Ender Lilies: Quietus of the Knights review

by on July 25, 2021
Release Date

January 21, 2021 (early access)


I played Ender Lilies: Quietus of the Knights when it entered Early Access some time ago, and was pretty impressed by it. A Metroidvania adventure with a hint of Salt & Sanctuary’s grim and grey aesthetic, it somehow manages to also be utterly charming.

Part of the reason is Lily herself. Your protagonist is a young Priestess who has awoken to a world on the brink of oblivion. A devastating phenomenon known as the “Rain of Death” has swept Land’s End. As a result the world is now blighted, people and beasts transformed into abominations. Only Lily is immune, but she’s the last of her kind and no warrior. Alone, she can’t hope to survive, but thankfully she’s not all on her own.

Ender Lilies: Quietus of the Knights – A grimdark adventure

A spirit known as the Umbral Knight both haunts and protects her. When you press “attack”, it’s his blade that tears through foes, as Lily herself clutches her hands together and winces with the impact. She’s adorable, and despite not being a fighter, her determination is somehow evident as she drags herself up ledges, and picks herself off the ground, over and over.

Ender Lilies: Quietus of the Knights review

The Gothic architecture may be shadow-haunted and foreboding, but Lily’s quest is one of hope. If she fails, the Blight will claim every last soul in the world. To succeed, she must defeat zombie knights, undead crossbowmen, mutated beasts, hounds from hell, and a cadre of bosses who were once great heroes.

Bosses in Ender Lilies take the form of an assortment of twisted and corrupted warriors. Defeating them allows Lily to cleanse their souls, and recruit them into her ghostly entourage. You can have any six with you at any given time, allowing for a variety of attacks and abilities. Simply cleansing them will often add their skills to Lily’s repertoire. For example, defeating a hulking, hammer-wielding berserker gives Lily the ability to not only deal massive damage, but to smash through certain floors.

Beautiful darkness

As a Metroidvania, there’s a large amount of backtracking and exploration. Rest spots such as benches and beds allow Lily to swap out her spirits and equip trinkets for buffs and power-ups. You can also fast travel between areas using a spectral horse and carriage. You’ll explore abandoned villages, ruined castles, dark forests, strewn with the bodies of Lily’s former sisters. It’s grim at every turn, and yet there’s an element of beauty, too.

Ender Lilies: Quietus of the Knights review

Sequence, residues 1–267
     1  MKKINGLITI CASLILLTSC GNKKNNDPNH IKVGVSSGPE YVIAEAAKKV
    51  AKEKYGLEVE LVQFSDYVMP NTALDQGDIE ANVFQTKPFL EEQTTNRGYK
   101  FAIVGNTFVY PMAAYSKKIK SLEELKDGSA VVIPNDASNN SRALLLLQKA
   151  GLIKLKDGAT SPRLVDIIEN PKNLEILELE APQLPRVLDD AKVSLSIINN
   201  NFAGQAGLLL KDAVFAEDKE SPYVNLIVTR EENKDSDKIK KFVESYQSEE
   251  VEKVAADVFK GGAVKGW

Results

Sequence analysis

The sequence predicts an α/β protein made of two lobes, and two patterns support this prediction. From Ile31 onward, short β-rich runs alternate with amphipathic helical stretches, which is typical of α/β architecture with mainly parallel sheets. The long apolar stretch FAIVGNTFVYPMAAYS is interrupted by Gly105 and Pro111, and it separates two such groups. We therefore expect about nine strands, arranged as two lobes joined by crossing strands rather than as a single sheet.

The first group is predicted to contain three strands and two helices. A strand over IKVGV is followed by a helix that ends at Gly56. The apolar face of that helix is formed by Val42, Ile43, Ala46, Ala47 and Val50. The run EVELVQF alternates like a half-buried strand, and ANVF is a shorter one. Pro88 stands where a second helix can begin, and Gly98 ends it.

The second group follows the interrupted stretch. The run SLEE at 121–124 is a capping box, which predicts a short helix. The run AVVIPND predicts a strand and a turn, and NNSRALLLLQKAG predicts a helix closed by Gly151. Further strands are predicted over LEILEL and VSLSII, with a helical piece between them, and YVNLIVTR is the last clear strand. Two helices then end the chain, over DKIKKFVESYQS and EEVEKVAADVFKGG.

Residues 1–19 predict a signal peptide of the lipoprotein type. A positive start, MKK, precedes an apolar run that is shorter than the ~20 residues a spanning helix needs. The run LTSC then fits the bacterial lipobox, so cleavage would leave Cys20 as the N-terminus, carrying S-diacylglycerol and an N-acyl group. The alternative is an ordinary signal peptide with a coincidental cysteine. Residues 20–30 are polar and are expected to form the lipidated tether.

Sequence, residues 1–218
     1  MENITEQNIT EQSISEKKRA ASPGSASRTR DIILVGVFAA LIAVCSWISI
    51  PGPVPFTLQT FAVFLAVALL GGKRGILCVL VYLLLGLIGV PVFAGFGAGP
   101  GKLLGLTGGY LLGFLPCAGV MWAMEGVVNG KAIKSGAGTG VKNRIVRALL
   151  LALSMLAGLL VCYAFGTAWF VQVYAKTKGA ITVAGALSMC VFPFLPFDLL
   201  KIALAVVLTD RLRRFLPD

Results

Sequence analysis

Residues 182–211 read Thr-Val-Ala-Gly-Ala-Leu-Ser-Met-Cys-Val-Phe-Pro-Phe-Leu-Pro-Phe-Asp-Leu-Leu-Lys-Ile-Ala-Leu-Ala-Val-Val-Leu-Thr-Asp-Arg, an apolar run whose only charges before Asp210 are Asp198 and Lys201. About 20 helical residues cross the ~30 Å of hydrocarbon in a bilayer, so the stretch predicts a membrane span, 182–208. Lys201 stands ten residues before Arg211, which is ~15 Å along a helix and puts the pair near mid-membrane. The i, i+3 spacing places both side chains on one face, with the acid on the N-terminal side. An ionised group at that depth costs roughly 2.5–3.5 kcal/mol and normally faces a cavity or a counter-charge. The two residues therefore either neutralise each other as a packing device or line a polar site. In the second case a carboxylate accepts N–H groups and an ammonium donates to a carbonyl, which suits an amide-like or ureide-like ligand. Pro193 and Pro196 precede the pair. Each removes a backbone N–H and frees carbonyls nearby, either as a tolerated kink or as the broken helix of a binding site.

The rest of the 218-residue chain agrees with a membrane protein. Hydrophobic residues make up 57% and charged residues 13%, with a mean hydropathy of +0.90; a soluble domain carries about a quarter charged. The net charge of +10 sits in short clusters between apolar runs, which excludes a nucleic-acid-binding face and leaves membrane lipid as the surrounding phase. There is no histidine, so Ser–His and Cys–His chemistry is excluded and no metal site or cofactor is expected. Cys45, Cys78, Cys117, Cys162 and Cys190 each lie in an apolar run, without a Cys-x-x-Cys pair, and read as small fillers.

The aesthetic is gorgeous, Lily’s stark white dress a constant beacon of light in the dark. And the character and enemy designs evoke Dark Souls or games of its ilk. Backdrops are macabre, skulls and bodies litter the environs, magic effects spark against the ruddy shadows. Lily and her spirits have a diverse array of spells and abilities, and each animation is brimming with personality.

Lore is scattered everywhere throughout Ender Lilies: Quietus of the Knights, too. From diary entries and dusty journals to the occasional grim mumblings of the Umbral Knight himself, flavour text fleshes out the world. It’s not as deep or subtext-filled as a From Software game, but it paints of a believable picture of a once-proud fantasy kingdom gone to ruin.

Grim souls

Occasional difficulty spikes can frustrate, but don’t really mar the experience. There’s always a different tactic to try, often a different route to attempt. Lily’s dodge and double jump help her evade trouble, and you can heal up three times per life. Finding white orchids refills these heals, making for a balanced challenge. At no point did I feel like rage-quitting, even during the tough boss battles. Again, changing your loadout can often make a big difference.

Ender Lilies: Quietus of the Knights is a compelling, surprisingly charming little adventure. It may look dark and oppressive, but Lily is a likeable heroine. Her entourage of fallen heroes offers variety and tactical diversity, while the world has enough depth and colour that you won’t mind backtracking through it. It’s closer to Hollow Knight than Dead Cells in terms of atmosphere and gameplay, but quickly establishes its own identity. Fans of Metroidvania titles would do well to seek this one out.


Great aesthetic
Combat is fun
Enjoyable exploration


Occasional difficulty spikes
Not much to the story

Editor Rating
Our Score


In Short

Ender Lilies: Quietus of the Knights is a compelling, surprisingly charming little adventure. It may look dark and oppressive, but Lily is a likeable heroine.